Saad bin Laden
|Sa'ad bin Osama bin Muhammad bin 'Awad bin Laden |
(Arabic: سعد بن أسامة بن محمد بن عوض بن لادن)
Jeddah, Saudi Arabia
July 2009 (aged 29–30)|
Sa'ad bin Osama bin Muhammad bin 'Awad bin Laden (Arabic: سعد بن أسامة بن محمد بن عوض بن لادن; 1979 – July 2009), better known as Saad bin Laden, was one of Osama bin Laden's sons. He continued in his father's footsteps by occupying a position within Al-Qaeda, and was being groomed to be his heir apparent. He was killed in an American drone strike in 2009.
He was believed to be married to a woman from Yemen. After 9/11, Saad fled to Iran and was later detained and placed under house arrest by Iranian authorities. Iran stated that a number of al-Qaeda leaders and members were in their custody.
Saad was believed to have been involved in the bombing of a Tunisian synagogue on 11 April 2002, which killed 19 people. In March 2003, there were disputed claims of his capture by Pakistan, though these proved false, and he was implicated in the 12 May 2003 suicide bombing in Riyadh, Saudi Arabia and the Morocco bombing four days later. Saif al-Adel and Bin Laden are believed to have ordered the Riyadh attacks from Iran, with apparent Iranian complicity. In May 2003, then-State Department official Ryan Crocker provided information on the upcoming attack to Iranian officials, who apparently took no action.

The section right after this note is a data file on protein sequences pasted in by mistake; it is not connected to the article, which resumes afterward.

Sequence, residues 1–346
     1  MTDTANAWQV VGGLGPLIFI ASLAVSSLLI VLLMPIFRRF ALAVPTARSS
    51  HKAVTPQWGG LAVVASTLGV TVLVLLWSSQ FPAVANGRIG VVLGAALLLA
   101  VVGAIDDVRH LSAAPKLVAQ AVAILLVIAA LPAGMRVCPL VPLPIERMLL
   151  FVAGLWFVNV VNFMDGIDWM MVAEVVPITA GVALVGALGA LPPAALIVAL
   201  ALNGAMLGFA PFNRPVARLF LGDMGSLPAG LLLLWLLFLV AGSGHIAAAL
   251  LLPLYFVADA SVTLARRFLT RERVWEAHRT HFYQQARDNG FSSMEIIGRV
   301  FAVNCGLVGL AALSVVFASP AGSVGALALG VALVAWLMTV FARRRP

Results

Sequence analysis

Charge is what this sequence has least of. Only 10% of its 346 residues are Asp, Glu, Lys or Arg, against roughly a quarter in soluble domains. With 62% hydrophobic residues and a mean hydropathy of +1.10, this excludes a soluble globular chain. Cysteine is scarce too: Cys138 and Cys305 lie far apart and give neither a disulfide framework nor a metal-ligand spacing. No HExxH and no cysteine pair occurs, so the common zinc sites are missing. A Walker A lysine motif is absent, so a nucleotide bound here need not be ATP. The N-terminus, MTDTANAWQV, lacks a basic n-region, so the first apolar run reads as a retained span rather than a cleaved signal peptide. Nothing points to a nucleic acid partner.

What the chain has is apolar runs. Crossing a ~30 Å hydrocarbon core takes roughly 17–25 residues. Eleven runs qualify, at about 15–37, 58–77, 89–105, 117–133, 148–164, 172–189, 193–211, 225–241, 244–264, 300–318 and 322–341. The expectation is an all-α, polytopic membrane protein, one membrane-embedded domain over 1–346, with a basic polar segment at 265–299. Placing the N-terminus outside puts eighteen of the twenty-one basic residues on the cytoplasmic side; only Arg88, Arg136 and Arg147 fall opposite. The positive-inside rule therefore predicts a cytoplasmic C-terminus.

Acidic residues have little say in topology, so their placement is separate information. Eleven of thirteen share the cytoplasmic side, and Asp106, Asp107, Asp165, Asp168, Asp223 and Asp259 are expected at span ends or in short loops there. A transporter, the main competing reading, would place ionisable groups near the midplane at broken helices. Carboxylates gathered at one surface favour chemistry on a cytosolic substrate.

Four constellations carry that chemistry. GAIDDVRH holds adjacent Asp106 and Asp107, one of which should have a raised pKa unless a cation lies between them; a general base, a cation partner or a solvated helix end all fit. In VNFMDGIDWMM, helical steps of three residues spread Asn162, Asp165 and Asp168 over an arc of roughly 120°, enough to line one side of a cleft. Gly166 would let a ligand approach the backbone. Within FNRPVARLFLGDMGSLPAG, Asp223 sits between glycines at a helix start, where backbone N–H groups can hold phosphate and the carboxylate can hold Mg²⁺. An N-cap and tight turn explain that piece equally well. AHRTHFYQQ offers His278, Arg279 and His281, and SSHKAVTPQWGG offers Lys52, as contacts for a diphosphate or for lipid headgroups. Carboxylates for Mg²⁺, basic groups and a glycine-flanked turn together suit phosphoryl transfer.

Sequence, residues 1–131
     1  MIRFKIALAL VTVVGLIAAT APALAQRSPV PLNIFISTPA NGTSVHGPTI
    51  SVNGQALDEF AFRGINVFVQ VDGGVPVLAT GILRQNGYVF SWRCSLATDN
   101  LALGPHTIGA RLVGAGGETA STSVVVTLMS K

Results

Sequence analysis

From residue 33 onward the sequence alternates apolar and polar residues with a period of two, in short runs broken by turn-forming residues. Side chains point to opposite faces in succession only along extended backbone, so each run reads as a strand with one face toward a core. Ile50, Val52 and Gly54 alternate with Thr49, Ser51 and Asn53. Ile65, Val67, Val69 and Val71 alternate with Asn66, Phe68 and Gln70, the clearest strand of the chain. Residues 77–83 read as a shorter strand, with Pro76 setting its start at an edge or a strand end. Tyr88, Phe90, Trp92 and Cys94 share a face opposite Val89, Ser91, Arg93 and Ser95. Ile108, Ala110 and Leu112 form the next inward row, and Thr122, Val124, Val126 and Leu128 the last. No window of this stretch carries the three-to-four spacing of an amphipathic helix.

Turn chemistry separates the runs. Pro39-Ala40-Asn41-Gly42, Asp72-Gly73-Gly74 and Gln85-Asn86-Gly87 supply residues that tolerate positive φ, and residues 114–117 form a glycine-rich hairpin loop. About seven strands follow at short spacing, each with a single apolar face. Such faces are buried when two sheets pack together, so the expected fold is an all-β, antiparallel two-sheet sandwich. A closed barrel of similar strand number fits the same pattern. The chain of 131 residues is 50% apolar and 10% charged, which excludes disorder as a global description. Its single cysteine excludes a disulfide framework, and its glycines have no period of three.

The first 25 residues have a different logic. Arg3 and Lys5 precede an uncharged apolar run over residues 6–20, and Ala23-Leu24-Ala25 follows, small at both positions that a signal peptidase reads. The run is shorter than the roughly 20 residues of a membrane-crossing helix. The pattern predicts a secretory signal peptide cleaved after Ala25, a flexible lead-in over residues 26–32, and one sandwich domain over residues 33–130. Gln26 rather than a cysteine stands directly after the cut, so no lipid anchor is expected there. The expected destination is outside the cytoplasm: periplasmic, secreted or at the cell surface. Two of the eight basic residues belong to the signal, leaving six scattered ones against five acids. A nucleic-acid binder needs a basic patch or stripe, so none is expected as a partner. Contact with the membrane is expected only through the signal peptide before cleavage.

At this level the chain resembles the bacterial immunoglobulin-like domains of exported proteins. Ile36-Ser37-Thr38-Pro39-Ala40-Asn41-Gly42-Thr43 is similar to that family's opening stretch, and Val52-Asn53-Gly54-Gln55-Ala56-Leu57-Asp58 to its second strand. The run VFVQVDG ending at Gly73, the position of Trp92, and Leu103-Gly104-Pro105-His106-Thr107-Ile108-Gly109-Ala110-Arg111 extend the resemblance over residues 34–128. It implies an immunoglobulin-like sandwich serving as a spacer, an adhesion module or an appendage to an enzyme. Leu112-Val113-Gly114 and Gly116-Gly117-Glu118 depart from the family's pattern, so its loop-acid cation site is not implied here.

In January 2009, however, U.S. Intelligence officials confirmed that Saad was no longer being held in Iranian custody and was likely hiding in Pakistan. Letters exchanged between Saad and his brother Khalid bin Laden revealed that he fled from Iranian custody around this time and escaped to Pakistan, while many of his relatives were still detained. The report of his escape was also confirmed by his younger sister Eman bin Laden, who also managed to escape from Iranian custody and flee to Saudi Arabia.
On 22 July 2009, National Public Radio reported that U.S. officials believe Saad bin Laden was killed by a CIA-administered unmanned aerial vehicle strike in Pakistan. A senior U.S. counterterrorism official said U.S. intelligence agencies are "80 to 85 percent" certain that Saad bin Laden was killed in a missile strike "sometime this year."
On 24 July 2009, The Hindu reported that senior Taliban spokesmen claimed Saad bin Laden was not killed, or even hurt, during the missile attack. No evidence, however, surfaced to prove that Saad was still alive, and it was later reported that Osama bin Laden, shortly before his death during a Navy Seals raid in 2011, was grooming his younger son Hamza bin Laden to be his heir apparent, a position that was originally bestowed to Saad. Letters retrieved from the compound where bin Laden was killed in Abbottabad, Pakistan confirmed that Saad was killed.
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